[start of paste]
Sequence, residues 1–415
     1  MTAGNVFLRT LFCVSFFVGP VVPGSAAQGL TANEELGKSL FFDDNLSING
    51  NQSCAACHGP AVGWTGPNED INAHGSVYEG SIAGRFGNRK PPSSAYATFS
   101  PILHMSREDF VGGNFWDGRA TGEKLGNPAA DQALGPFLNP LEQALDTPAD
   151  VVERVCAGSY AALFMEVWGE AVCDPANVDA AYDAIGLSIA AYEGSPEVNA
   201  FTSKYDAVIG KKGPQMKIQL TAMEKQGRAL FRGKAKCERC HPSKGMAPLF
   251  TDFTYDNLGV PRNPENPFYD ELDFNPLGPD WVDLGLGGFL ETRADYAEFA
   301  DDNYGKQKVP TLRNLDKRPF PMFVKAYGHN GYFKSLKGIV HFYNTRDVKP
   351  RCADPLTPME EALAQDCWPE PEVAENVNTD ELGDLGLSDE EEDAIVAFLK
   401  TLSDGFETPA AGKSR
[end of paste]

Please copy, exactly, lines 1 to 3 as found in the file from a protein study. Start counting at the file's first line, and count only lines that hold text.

Sequence, residues 1–415
     1  MTAGNVFLRT LFCVSFFVGP VVPGSAAQGL TANEELGKSL FFDDNLSING
    51  NQSCAACHGP AVGWTGPNED INAHGSVYEG SIAGRFGNRK PPSSAYATFS